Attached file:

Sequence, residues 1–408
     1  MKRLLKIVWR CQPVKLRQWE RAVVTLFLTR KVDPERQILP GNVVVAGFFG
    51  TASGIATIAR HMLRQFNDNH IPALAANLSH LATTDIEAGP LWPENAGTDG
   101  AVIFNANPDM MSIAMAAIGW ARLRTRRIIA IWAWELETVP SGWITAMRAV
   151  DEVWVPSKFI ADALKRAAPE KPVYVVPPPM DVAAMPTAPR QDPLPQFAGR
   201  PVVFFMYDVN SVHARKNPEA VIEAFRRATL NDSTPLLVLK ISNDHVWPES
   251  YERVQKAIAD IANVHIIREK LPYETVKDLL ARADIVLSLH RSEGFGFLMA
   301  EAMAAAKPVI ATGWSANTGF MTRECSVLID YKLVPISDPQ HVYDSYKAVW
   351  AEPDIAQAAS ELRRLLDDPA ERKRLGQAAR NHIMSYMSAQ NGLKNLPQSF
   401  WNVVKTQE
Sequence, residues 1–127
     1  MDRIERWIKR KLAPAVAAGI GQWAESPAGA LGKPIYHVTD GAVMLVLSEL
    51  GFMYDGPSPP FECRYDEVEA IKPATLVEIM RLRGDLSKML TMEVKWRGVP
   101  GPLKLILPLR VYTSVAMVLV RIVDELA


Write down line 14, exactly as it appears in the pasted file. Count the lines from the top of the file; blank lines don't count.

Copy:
   101  GPLKLILPLR VYTSVAMVLV RIVDELA